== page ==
"The senior senator from Arizona (John McCain) said he couldn't support repealing 'don't ask, don't tell' because of the economy."
Harry Reid on Saturday, December 4th, 2010 in the Senate floor
Sen. Harry Reid says Sen. John McCain opposes 'don't ask, don't tell' due to economy
In an address from the floor of the Senate on Dec. 4, 2010, Democratic Sen. Harry Reid used the analogy of Lucy from the Peanuts cartoon -- who repeatedly pulled the football away every time Charlie Brown went to kick it -- to describe Sen. John McCain's reasoning for his opposition to abolishing the military's controversial "don't ask, don't tell" policy.
"First, Sen. McCain said he would seriously consider repealing it if the military leadership thought we should, and (when) the military leadership said it should be repealed, he pulled away the football. Then Sen. McCain said he would need to see a study from the Pentagon. When the Pentagon produced the study saying repeal would have no negative effect at all, he pulled away the football again," Reid said.
"And his latest trick, he said yesterday that he opposed repealing 'don't ask, don't tell,' a proposal that would be a great stride forward for both equality and military readiness ... because of the economy," said Reid, whose quote was picked up in Politico. "I repeat, the senior senator from Arizona said he couldn't support repealing 'don't ask, don't tell' because of the economy."
"I have no idea what he's talking about, and no one else does either," Reid said.
Reid's statement -- based on comments McCain made the day before during a Senate Armed Services Committee hearing on the Defense Department's report about the "don't ask, don't tell" policy -- seemed to suggest that McCain believed "don't ask, don't tell" had some sort of negative economic consequences.
But that's not the context for McCain's comments. Rather, it was an issue of legislative priority. McCain's point was that the issue of how to address a flailing economy ought to be addressed before the Senate considered something like "don't ask, don't tell."
"I will not agree to have this bill go forward ... because our economy is in the tank," McCain said. "Our economy is in the tank, and the American people want that issue addressed. And the military is functioning in the most efficient, most professional, most courageous fashion than at any time in our history.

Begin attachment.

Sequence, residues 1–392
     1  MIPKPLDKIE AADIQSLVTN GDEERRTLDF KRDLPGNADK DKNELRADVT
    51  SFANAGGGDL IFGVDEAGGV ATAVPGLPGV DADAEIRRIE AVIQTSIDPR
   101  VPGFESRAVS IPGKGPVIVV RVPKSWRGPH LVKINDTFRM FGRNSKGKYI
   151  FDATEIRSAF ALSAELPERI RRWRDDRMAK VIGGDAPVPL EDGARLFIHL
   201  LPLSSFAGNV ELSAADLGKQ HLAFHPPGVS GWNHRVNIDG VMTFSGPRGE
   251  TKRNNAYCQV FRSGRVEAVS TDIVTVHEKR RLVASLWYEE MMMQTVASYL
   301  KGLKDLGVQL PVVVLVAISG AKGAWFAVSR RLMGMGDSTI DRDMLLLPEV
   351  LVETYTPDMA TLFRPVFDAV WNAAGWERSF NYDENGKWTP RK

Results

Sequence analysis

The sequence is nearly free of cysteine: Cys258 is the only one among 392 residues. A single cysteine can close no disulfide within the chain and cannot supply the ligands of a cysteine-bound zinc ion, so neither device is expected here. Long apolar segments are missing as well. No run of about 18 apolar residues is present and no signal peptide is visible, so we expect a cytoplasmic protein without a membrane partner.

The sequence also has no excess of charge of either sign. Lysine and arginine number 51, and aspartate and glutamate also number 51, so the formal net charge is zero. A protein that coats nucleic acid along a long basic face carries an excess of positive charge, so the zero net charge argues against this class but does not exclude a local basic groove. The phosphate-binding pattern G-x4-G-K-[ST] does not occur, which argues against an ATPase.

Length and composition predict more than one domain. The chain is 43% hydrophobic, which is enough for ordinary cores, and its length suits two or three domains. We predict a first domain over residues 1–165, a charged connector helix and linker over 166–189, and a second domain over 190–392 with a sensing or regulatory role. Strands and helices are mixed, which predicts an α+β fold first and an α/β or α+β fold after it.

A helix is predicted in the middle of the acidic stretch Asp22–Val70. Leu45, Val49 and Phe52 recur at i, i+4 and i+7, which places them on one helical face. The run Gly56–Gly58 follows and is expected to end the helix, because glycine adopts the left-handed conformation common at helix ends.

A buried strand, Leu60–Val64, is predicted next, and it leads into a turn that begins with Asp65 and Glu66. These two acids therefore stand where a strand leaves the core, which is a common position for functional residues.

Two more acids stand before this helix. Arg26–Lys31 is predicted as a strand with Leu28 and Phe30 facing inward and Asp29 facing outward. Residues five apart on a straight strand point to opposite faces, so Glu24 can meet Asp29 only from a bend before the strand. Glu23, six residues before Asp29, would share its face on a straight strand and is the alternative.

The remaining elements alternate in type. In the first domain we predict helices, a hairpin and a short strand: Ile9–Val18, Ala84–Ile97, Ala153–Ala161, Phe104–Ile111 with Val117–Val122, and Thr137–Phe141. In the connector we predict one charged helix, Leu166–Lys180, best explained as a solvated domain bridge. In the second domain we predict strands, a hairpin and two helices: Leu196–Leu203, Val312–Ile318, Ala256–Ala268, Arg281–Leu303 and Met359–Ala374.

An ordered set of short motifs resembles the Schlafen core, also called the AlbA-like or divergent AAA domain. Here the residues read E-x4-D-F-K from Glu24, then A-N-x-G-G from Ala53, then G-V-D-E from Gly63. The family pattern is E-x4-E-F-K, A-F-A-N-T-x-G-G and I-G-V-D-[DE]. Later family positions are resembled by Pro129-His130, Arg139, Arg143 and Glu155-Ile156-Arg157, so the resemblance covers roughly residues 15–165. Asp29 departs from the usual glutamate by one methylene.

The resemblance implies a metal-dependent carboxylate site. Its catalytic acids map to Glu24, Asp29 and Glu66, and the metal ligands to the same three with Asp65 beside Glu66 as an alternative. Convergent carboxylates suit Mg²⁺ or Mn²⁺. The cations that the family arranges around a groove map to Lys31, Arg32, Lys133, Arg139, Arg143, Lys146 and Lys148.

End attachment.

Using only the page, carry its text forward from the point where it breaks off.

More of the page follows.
"So to somehow believe that this is some kind of compelling issue at a time we're in two wars ... is obviously not something that we should be exercising a rush to judgment."
Two days earlier the entire Republican caucus in the Senate signed a letter, sent to Reid, promising to filibuster any bills proposed by Democrats until the Senate had acted to prevent the expiration of the Bush tax cuts for all taxpayers. Republicans have argued that letting the tax cuts expire even for the wealthy, as Democrats proposed, would deal a devastating blow to the economy.
McCain's comments about not taking up "don't ask don't tell" in light of the economy are consistent with that Republican pledge.
McCain added that he would be willing to consider the "don't ask, don't tell" issue in depth during the next legislative session.
"I would be more than eager in the coming year to have additional hearings, as they had some 13 hearings when 'don't, ask, don't tell' was enacted," McCain said. "And I would pledge to work with you on that effort, but certainly not during a lame-duck session when parts of my state are suffering in ways that they never have in the history of my state."
It's true that McCain listed the poor economy as a reason he would not support "don't ask, don't tell," but only in the context of the economy needing to be a higher priority for the Senate. When Reid claimed, "the senior senator from Arizona said he couldn't support repealing 'don't ask, don't tell' because of the economy," the implication seems to be that McCain was making an argument that "don't ask, don't tell" would harm the economy. Especially when Reid added, "I have no idea what he's talking about, and no one else does either." The policy's impact on the economy would be a confusing argument. But in context, McCain's reference to the economy was quite clearly ranking other priorities against it. We rule Reid's statement Half True.